The provisions of § 13 of act 132, hereinabove referred to, providing for the sale of the fee for a service charge due by an occupant in possession under a lesser estate is not subject to the objection that one owner is required to discharge a burden which the law has imposed upon another. It is the theory of the acts that; before either improvement is begun, the cost thereof shall be ascertained and shall be paid with the proceeds of the sale of bonds, which are to be discharged, together with operating expenses, etc., by charges against the real estate, ratably fixed in such manner .that these charges will accumulate the money with which to pay the bonds.

*713A sewer is a permanent improvement, and, if properly maintained, lasts indefinitely. It adds to the value of the fee as well as to the value of the mere right of occupancy, and the property thus served pays the installments of cost as they mature.

A case declaring the legal principle here involved was that of Crowell v. Seelbinder, 185 Ark. 769, 49 S. W. (2d) 389. There a question arose between the owner of the remainder and the owner of a lesser estate as to liability for the annual assessments due upon the property thus owned in an improvement district. We there held that the equitable distribution of the burden of paying the annual assessments requires the. life tenant to discharge these assessments during each year of his occupancy. Yet, the entire fee would have been sold had this burden not been discharged, for the reason that the assessments were a lien upon the fee. But, as between the owners of the two estates, it was the duty of the occupant to pay installments maturing during his occupancy. So here the remainderman may require the. owner of the lesser estate, as between themselves, to discharge rates maturing during the continuance of his estate, but, if neither pays these charges, the entire -estate may be sold, for the reason that the entire estate, has the benefit conferred upon the land by the sewer system. •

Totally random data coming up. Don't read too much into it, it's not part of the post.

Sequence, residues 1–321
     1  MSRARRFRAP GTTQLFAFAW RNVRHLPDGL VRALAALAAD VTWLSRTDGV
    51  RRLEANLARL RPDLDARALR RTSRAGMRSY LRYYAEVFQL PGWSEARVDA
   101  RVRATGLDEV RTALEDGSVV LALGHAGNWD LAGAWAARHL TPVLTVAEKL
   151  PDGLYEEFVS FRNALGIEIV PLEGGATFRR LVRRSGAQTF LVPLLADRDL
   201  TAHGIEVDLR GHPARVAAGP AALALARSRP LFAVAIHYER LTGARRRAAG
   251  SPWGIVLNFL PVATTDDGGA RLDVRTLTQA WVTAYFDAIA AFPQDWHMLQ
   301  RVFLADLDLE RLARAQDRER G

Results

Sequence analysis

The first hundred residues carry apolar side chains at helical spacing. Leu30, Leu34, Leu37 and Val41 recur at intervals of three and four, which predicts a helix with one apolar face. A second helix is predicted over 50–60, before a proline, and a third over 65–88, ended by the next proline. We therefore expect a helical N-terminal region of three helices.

The plaintiff has alleged that he occupies his property in the town of McCrory as a homestead, and he insists that act 132, which authorizes the sale thereof under a decree of the chancery court, if he does not pay the rates and charges of his sewer connection,- is violative of § 3 of article 9, of the Constitution. This’section provides that the homestead of an}^ resident of this State-, who is married, or the head of a family, shall not be subject to the lien of any judgment or decree of any court, except such as may be rendered for the purchase money, to enforce certain specific liens, or for taxes, or against certain persons sued in their fiduciary capacity.